Cross-post (16)

By: Ethan Marcotte
June 4, 2020

Ethan Marcotte’s original post: How I write conference talks.

I’m writing a new talk. Since a few folks have asked, here’s what my process tends to look like:

  1. Several months before the conference, I’ll start researching my topic. For me, this mainly involves reading, and a lot of it. I’ll use Pinboard to store links to essays, articles, and tweets that seem relevant, and tag each link with something relevant to the conference.
  2. A month or two beforehand, I’ll start writing. But I won’t fire up a text editor right away. Instead, I’ll buy a stack of index cards, and start writing on them. Each card gets an idea I want to cover, like an item in an outline. But this is much, much less linear: I want things to be as unstructured as possible at this point.
    • Jeremy tends to do this on a big sheet of paper, which I think is wonderful. I think you could easily use a digital tool like Mural to a similar effect.
  3. Once I’ve gotten most everything jotted down on several dozen cards, I’ll spread them out on a table, and group related cards together. After everything’s found a home, I’ll transfer the cards to a bulleted list. This is my outline.
  4. At this point, I’ll start writing. For most talks, this involves a weird jumble of outlining and prose. I rarely write out my talks in their entirety, instead preferring to keep things as conversational as possible. For this talk, I’m writing myself something a lot more detailed: it’s a proper script.
  5. I delete a bunch of words, since I suddenly realize they’re awful.
  6. I delete a few hundred more.
  7. Self-doubt begins to creep in. I remember that in another timeline, I went to graduate school. I wonder if it’s too late to throw in the towel on this whole “design” thing. Maybe I should move back north, see about working the family farm.
  8. I write a couple thousand words in one afternoon. Maybe this is doable.
  9. I write another introduction, replacing the one I’d written down a week or two prior. This one feels better.
  10. Then again, the last one felt pretty good.
  11. I write a paragraph about how racism informed the design work of a late, prominent architect. That’ll show ’em.
  12. I delete the paragraph I just wrote, as it was terrible.
  13. I close my laptop, and sit quietly for a minute.
  14. I put on my coat, and walk out of my apartment. The street outside is dark, save for a few streetlights at the far end. I remember the days are shorter now, and colder. I take a breath or two on the porch, listening to the traffic pass by on Highland. Near as I can tell, I’m the only person outside on my street. A block or two away—maybe more?—a dog barks, twice. Then, nothing. The neighborhood’s quiet again, save for me, breathing.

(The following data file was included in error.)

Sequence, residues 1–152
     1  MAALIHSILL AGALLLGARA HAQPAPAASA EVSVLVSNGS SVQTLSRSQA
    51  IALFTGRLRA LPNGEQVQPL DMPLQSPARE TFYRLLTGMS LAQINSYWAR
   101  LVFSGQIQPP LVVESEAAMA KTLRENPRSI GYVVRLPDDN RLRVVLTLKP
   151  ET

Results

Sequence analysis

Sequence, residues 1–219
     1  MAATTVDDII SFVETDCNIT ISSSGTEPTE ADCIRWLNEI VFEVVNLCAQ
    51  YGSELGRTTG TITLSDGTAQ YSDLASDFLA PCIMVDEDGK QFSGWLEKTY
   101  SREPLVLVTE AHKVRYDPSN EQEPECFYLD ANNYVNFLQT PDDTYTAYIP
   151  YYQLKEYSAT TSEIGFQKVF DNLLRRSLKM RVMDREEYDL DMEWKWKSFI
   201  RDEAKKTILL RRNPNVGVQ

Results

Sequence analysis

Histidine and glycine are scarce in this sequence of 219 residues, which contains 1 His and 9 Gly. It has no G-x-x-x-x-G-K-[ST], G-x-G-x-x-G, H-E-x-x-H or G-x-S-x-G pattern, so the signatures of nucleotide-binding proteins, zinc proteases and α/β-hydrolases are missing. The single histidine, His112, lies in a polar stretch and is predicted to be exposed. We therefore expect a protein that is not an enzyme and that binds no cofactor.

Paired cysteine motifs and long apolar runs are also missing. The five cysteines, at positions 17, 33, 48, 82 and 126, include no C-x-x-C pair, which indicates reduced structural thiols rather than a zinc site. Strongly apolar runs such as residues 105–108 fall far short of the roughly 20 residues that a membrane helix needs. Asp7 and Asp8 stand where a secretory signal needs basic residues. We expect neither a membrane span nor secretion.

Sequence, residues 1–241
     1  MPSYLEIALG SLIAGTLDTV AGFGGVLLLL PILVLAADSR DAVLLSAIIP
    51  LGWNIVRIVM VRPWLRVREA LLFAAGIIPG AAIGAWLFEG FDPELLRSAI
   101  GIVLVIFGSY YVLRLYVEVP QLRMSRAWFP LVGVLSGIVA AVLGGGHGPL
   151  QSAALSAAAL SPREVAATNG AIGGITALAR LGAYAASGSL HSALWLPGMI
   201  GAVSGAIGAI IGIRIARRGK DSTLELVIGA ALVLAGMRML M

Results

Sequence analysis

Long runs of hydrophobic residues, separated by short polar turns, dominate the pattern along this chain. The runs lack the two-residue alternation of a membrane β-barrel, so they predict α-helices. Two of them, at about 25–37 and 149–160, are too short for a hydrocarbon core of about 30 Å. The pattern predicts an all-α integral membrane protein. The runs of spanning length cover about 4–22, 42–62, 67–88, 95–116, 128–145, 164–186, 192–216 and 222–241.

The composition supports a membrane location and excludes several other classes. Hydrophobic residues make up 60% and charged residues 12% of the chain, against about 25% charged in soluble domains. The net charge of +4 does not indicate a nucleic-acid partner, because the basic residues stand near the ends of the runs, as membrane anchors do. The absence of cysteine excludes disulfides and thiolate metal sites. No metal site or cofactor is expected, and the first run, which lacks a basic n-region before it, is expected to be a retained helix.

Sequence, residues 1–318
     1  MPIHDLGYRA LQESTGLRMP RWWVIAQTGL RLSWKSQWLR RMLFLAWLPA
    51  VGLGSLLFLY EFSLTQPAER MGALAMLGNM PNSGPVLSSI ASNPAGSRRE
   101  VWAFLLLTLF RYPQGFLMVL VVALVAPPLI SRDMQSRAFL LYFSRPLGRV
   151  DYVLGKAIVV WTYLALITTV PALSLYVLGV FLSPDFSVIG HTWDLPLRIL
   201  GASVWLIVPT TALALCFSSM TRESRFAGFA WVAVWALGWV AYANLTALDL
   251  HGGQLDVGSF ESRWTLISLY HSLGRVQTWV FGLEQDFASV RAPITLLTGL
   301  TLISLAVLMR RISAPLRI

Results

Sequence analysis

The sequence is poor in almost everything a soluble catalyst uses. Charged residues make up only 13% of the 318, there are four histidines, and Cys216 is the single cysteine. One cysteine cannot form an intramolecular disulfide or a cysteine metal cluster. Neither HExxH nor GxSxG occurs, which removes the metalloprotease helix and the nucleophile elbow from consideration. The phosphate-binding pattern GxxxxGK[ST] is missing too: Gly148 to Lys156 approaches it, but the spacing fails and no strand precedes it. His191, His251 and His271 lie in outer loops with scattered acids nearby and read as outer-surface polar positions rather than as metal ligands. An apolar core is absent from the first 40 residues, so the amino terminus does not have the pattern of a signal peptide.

I step off my porch, and walk away from my building. I walk south, but not far—I come to the top of a nearby hill, where I can see the Cambridge skyline and, just past it, Boston proper. I stand there, in the shadow of a beautiful old cathedral, looking at this city that’s been my home for two decades. I think about the life I’ve made here, the friends I’ve made, the friends that moved away, the friends that stayed but I don’t see anymore, the friends I’ve lost. I think about my grandmother, and whether or not she’d approve of my new apartment—she only saw my last apartment once, the day after She and I got married. My grandmother had a little trouble with the front steps, but she had a grand old time once she got inside: she held court at one end of our living room, meeting new people, eating new food, and reaching down to pet our little cat whenever she came near.

    A car passes by, its high beams bold, sharp; I raise my hands to cover my eyes, and it passes quickly. Then, nothing. Save for me, breathing.

    It’s cold out here. Cold, and quiet.

  15. I walk back toward home, and settle back into work.
  16. Whenever the script’s done, I’ll start transferring it into Keynote. With a decent script or outline in place, this step should go relatively quickly.
  17. Be sure to leave plenty of time for rehearsal. Nothing improves a talk like a few runthroughs.

And that’s how I write my conference talks.


Ethan Marcotte’s original post: How I write conference talks.
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